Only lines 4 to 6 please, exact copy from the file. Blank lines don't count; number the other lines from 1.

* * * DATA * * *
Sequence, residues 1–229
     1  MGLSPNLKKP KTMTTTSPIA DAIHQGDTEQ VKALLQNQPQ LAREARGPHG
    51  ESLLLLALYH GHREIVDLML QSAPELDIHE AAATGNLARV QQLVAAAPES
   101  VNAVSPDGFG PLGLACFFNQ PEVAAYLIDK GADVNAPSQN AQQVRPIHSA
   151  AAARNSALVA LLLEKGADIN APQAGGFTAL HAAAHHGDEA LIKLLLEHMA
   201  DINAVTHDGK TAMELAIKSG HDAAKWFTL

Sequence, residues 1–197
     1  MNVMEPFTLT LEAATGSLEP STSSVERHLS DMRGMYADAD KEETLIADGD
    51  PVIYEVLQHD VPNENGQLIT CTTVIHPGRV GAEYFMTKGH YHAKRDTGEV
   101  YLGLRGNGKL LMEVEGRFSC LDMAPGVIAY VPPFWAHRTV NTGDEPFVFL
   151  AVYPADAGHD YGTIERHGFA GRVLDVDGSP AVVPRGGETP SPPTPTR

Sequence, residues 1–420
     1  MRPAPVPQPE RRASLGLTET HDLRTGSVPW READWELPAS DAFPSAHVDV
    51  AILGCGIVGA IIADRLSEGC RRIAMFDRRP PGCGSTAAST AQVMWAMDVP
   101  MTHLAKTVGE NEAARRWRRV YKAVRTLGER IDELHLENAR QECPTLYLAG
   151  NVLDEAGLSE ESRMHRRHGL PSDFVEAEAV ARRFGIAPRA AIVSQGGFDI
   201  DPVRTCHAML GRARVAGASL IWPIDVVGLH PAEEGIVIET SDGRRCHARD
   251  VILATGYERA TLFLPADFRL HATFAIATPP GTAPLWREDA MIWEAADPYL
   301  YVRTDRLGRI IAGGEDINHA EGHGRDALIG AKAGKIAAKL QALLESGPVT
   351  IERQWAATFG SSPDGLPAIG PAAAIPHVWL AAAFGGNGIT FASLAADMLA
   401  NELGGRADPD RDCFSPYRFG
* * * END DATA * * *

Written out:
   101  VNAVSPDGFG PLGLACFFNQ PEVAAYLIDK GADVNAPSQN AQQVRPIHSA
   151  AAARNSALVA LLLEKGADIN APQAGGFTAL HAAAHHGDEA LIKLLLEHMA
   201  DINAVTHDGK TAMELAIKSG HDAAKWFTL